There is an active dialogue happening here on The Interpreter about the China-Vietnam oil rig confrontation, and I can't add much to the strategic dimensions of the debate. But there are a couple of additional aspects that are relevant to industry and business observers.
The first is that, notwithstanding the breathless rhetoric about the game-changing nature of the Chinese oil rig, there is nothing particularly special about Haiyang Shiyou 981. True, it was the first semi-submersible rig indigenously built in China, and state media emotionally proclaimed it 'mobile national territory' to guard China's 'blue national soil.' It's also true that the 981 is a fairly large ultra-deepwater unit by industry standards, capable of operating in 10,000 feet of water and then drilling through 33,000 feet of seabed.
But by comparison, leading edge rigs now are expected to operate in 12,000-14,000 feet of rough water and to drill through 40,000 feet of hard rock. Anyway, the real technology and value of these rigs is not in their floating superstructure but in the so-called 'topside package', the high-tech equipment that runs the complex drilling operation. The topside for the 981 comes from Norway.
To be sure, this rig is a hulking presence on the water, and China will certainly make progress in future offshore equipment projects. But the 981 took six years to build (the Koreans are much faster), was reportedly over budget, and had its share of teething troubles. An industry insider told me that only a Chinese national oil company would accept this product – for 'patriotic' reasons.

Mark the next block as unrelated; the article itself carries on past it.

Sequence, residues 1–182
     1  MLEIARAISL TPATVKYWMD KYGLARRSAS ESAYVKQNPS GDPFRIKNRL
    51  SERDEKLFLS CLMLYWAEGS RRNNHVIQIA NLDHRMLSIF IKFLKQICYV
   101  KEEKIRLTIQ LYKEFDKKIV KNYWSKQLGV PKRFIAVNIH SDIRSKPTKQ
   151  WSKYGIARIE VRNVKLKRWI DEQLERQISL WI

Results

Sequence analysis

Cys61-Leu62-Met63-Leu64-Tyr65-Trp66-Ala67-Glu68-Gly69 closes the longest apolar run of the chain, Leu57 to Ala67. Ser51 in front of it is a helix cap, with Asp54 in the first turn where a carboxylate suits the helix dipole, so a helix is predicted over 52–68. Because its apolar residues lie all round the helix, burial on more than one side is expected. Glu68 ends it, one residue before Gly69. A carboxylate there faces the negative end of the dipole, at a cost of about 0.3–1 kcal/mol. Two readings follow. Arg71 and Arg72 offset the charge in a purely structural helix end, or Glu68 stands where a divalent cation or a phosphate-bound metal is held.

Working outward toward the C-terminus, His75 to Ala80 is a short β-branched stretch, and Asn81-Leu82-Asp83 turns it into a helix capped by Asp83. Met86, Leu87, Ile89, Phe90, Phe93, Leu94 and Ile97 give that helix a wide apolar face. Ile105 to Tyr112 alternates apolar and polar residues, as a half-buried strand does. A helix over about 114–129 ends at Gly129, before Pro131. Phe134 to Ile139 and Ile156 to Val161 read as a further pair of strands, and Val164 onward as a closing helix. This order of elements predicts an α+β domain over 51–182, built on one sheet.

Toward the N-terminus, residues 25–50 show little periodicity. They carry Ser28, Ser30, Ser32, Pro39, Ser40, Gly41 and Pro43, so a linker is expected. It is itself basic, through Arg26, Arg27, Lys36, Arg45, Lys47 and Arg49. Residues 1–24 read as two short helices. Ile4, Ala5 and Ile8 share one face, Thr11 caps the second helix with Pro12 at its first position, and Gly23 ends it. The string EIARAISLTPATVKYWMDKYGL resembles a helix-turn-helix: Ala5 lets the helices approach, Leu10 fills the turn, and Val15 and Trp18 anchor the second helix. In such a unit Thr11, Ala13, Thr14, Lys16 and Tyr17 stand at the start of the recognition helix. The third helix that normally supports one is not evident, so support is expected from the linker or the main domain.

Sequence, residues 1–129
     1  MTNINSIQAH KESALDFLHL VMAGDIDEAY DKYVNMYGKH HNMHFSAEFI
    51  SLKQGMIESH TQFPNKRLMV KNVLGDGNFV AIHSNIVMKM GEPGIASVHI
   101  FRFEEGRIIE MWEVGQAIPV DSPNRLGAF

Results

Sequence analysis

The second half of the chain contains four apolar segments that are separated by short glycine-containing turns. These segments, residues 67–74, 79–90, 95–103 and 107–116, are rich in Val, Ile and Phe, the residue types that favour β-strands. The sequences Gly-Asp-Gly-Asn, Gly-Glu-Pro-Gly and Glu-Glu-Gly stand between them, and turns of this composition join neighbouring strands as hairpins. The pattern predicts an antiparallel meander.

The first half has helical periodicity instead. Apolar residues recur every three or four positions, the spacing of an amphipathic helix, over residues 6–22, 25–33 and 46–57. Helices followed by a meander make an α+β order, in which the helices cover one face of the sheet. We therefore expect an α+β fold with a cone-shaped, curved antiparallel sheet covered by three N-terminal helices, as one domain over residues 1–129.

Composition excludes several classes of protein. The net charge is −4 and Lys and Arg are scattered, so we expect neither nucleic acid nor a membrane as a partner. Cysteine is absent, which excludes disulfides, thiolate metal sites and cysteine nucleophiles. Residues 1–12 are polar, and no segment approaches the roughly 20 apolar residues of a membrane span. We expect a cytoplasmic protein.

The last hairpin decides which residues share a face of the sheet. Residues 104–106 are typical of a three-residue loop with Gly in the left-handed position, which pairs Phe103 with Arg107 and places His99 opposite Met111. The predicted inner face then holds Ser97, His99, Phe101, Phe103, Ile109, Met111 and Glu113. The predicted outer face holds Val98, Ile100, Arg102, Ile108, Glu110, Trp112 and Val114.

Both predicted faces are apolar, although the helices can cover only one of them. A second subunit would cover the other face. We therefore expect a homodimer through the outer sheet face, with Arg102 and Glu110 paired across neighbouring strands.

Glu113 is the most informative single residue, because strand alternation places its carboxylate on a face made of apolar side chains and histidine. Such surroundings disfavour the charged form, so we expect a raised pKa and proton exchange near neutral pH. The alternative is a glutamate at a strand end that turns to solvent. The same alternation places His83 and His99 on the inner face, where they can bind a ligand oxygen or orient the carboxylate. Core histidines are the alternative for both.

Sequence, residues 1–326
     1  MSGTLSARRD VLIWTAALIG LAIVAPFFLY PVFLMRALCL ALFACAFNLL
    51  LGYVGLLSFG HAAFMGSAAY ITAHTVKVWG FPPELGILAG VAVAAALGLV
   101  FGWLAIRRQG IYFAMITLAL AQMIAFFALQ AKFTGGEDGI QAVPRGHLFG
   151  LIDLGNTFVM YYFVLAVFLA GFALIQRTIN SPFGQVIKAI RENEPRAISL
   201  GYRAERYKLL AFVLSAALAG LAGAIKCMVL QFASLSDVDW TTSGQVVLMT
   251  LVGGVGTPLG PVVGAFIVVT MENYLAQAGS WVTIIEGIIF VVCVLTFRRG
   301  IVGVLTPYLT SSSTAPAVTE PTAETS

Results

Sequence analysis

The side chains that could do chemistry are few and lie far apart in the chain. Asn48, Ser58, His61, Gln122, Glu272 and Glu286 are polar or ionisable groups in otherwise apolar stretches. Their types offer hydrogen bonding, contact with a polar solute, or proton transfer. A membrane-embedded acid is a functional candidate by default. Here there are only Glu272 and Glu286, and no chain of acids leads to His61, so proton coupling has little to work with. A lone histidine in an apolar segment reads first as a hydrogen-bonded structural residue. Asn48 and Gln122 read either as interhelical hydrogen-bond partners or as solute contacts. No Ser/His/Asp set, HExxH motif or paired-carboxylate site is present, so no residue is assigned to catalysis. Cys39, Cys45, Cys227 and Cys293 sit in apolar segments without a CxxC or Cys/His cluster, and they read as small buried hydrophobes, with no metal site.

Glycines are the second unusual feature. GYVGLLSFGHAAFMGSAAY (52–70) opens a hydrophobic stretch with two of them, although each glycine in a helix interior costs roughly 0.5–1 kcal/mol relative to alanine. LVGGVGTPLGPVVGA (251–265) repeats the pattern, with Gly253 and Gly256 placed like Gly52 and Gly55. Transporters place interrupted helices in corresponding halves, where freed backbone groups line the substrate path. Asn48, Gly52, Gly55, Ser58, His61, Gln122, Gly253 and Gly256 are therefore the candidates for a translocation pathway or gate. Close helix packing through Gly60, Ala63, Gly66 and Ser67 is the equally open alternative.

But my second point is the more important one. The owner and operator of rig 981 is China National Offshore Oil Corporation (CNOOC), the company which failed in 2005 to acquire America's Unocal and in 2012 did acquire Canada's Nexen. There was much Chinese anger about CNOOC's treatment in both cases. American politicians were concerned about economic and security threats posed by a Beijing-controlled oil company; CNOOC strenuously argued that it was a rational, commercial actor acting like any other multinational company. Likewise, in the face of Canadian hostility to the Nexen bid, China's envoy famously pronounced that 'business is business, it should not be politicized.'
Whatever the case for China's claims to an oilfield inside Vietnam's EEZ or the wisdom of acquiring Nexen (both are questionable), there can be no doubt that CNOOC now is acting politically. Accompanied by a flotilla of 80 ships (reportedly including seven government agency vessels), the 981 is being pushed into deployment in a reckless manner that no private commercial operator would undertake. Politics and operational risk aside, the insurance liabilities alone would likely stop a private deep-sea driller before he or she even left port.
This should be a crucial piece of the Chinese foreign investment debate in Australia, which deserves a fuller treatment on The Interpreter in the future. The fact is, state-owned companies (SOEs) do behave differently from private sector ones. It is quite natural for foreigners to question the motives of SOEs, and it is disingenuous for SOEs to downplay or dismiss their provenance. The ongoing 981 incident is proof that politics and business might be best kept separate, but often aren't.